Are you interested in finding out how things work?
Do you want to make a positive contribution in the world?
Then a career in Science and Research could be the right choice for you!
This sector is all about utilising scientific methods such as research and experiments to progress the world’s scientific understanding in order to better understand the world around us.
It is science and research that allows us, as the human race, to develop, prosper and have a better understanding of the universe we live in.
There are literally dozens of different fields within this sector and it is one of the fastest growing and most important sectors which has a direct impact on the lives of billions around the world.
Some of the exciting career paths within this industry range from Biologists and Geneticists to Forensic Scientists and Physicists.
Specific areas of work
Professionals in this field will be working in a scientific environment towards the establishment or development of new theories and approaches. Those who work within this sector tend to take the same job title of a scientist or research scientist, however they do specialise in different areas.
Some of the key areas in which a professional can choose to work in include:
Even though all Scientists specialise in different fields; many have similar common duties with the ultimate aim of achieving a better understanding of the world (or universe) in which we live in.
Some of these common duties are:
- Creating and conducting of experiments;
- Processing results and data to produce reports and documentation;
- Attending conferences to present ongoing work and report any recent findings;
- Creating research proposals which are later presented to academics and university representatives.
Education and qualifications
Employers or universities will often require a good science degree at a minimum of a 2:1 as a formal entry requirement.
Many employers also tend to expect candidates to have completed or are working towards the completion of an MSc or PhD.
Most employers will expect an individual’s degree to be directly related to the area in which they wish to work but candidates who can demonstrate relevant work experience may also be considered.
Skills and personal attributes
- Specialist knowledge: It is vital that before an individual considers working within this sector that they already have a clear understanding of the specific area they wish to work in. Many employers will expect to see this through a degree or some relevant work experience.
- Communication skills: Professionals in this sector are often required to attend conference or meetings to present their work or any recent findings and as such it extremely important that individuals are able to speak confidently in public and communicate effectively with others. Additionally, being able to effectively convey scientific and technical knowledge is also a must.
- Dedication: This can be a very demanding sector and therefore professionals are expected to have a dedication to their work right from the very beginning in order for them to complete their work despite setbacks.
- Writing skills: Professionals are often required to produce written reports which are either presented to academics or published in research journals.
- Team working skills: Being able to work effectively within a team is vital for most, if not all, of the jobs within this industry.
Pay and benefits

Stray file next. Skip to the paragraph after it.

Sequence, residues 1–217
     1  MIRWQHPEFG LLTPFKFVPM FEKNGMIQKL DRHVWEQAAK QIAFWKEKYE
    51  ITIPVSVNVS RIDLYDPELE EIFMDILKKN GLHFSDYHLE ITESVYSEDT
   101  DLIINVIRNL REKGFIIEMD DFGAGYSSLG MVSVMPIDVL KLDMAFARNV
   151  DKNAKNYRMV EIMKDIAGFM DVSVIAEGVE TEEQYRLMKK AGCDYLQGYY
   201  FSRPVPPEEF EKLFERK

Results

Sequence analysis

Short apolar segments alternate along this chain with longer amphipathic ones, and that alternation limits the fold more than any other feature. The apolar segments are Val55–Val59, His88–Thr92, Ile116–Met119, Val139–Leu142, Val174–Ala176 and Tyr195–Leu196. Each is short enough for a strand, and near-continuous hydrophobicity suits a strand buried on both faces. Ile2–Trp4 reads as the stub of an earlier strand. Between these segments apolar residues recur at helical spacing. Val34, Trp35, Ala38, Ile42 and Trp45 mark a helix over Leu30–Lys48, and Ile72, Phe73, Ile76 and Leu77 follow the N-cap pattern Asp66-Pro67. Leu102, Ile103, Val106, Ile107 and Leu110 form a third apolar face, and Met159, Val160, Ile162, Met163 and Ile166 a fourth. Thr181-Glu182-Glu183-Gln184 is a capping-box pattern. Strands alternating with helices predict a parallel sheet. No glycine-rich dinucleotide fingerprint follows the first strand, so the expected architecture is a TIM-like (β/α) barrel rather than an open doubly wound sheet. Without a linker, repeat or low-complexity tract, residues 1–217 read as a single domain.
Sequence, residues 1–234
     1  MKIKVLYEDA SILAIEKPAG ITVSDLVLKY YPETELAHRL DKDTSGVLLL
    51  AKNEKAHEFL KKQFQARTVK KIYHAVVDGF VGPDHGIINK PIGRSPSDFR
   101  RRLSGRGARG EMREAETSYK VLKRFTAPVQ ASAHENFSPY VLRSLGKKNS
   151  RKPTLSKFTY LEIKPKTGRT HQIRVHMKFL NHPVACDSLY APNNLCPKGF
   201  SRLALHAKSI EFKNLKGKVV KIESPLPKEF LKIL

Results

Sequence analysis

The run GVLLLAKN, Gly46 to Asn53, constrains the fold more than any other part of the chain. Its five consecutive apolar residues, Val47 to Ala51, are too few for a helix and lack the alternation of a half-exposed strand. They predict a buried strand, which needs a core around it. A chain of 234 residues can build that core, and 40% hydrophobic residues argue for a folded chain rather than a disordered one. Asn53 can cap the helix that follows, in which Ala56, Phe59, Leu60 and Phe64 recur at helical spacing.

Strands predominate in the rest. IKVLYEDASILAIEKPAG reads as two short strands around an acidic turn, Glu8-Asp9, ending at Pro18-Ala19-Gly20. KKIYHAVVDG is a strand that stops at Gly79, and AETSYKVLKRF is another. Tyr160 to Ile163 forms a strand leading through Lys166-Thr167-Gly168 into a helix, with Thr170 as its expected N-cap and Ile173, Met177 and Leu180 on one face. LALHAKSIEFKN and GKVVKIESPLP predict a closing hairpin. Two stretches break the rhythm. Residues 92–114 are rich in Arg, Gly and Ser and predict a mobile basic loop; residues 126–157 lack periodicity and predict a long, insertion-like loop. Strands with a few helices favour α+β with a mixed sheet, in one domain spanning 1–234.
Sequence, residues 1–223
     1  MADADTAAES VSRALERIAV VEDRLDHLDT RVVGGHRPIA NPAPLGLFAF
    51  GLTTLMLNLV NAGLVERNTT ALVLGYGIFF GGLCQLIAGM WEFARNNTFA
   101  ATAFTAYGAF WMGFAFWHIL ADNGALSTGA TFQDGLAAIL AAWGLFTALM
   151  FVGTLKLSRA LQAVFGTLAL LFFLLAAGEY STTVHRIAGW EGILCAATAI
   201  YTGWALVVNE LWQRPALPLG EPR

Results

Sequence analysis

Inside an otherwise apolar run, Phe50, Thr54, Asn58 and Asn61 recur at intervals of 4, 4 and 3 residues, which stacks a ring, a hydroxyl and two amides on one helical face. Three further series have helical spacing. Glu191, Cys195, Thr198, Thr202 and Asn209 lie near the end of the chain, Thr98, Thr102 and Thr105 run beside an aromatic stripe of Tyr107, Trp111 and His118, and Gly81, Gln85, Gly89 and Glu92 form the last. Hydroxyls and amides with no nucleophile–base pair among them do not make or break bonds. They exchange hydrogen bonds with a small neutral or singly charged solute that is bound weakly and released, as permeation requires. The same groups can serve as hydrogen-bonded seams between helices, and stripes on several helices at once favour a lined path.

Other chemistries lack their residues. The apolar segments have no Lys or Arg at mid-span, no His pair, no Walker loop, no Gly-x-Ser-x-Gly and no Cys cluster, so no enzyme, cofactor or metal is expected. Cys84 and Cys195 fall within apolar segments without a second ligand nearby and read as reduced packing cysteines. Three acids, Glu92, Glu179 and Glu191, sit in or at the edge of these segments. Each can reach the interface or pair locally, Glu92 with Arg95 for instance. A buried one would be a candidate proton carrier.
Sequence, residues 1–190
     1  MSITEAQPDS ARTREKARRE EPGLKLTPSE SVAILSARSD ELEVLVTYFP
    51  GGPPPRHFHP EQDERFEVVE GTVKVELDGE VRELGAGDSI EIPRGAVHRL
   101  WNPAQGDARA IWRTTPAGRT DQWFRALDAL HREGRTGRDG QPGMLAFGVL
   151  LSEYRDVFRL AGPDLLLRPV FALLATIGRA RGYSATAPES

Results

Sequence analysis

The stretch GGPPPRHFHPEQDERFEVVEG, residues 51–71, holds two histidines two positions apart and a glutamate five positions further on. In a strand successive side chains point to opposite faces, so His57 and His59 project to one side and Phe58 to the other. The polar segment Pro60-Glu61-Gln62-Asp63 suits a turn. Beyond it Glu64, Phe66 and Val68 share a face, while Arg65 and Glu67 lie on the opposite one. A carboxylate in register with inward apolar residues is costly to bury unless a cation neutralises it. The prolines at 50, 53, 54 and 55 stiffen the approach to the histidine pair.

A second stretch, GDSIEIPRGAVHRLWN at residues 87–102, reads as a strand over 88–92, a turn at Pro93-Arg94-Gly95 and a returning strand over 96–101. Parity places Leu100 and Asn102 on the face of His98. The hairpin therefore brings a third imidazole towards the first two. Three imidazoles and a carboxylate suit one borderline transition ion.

Students who are researching and working within this sector whilst working towards PhD are often paid the National Research Councillor minimum rate of £13,863 per year.
Once qualified either through an MSc or PhD, professionals within this environment can earn anything between £25,000 and £35,000, their salary can increase to £45,000+ at a senior level.
Figures are intended as a guideline only.
Likes and advantages
- New and exciting: This sector can be one of the most exciting sectors to work in because it is all about researching, exploring, breaking boundaries and making new discoveries.
- Making a difference: The contribution of scientists to medicine, health, technology, agriculture and numerous other areas means that one will have the satisfaction of making a real and tangible difference in the world.
- Practical: The majority of jobs in this field are hands on roles with professionals being at the forefront of experimentation, research and development.
- Travel: Senior professionals working in major companies or universities are often requested to attend conferences and seminars across the world. It provides a great opportunity for networking, seeing new places and presenting your findings to distinguished audiences.
- Qualifications: Because this is a very specialist area, a candidate is often expected to have a minimum of an MSc and working towards a PhD which can take up to 5 years to complete.
- Funding: Before an individual becomes qualified in this sector it can be very difficult for them to obtain the correct funding for either a research grant or for studying. Either way, funding can be extremely difficult to secure.
- Stressful: Professionals in this environment can be put under extremely stressful circumstances with tight deadlines for analysing any results, completing experiments, finalising research papers or responding to emergencies.
The science sector in the UK is one of the fastest growing and most important sectors in the country. According to a recent PwC report; the UK’s research market alone is worth over £3bn and employs more than 60 thousand highly-qualified professionals.
Due to the impact of skills shortages, there is a high demand for filling in various vacant roles in many parts of this sector. Governments, universities and research centres are increasingly investing significant amounts of money and resources in research and development.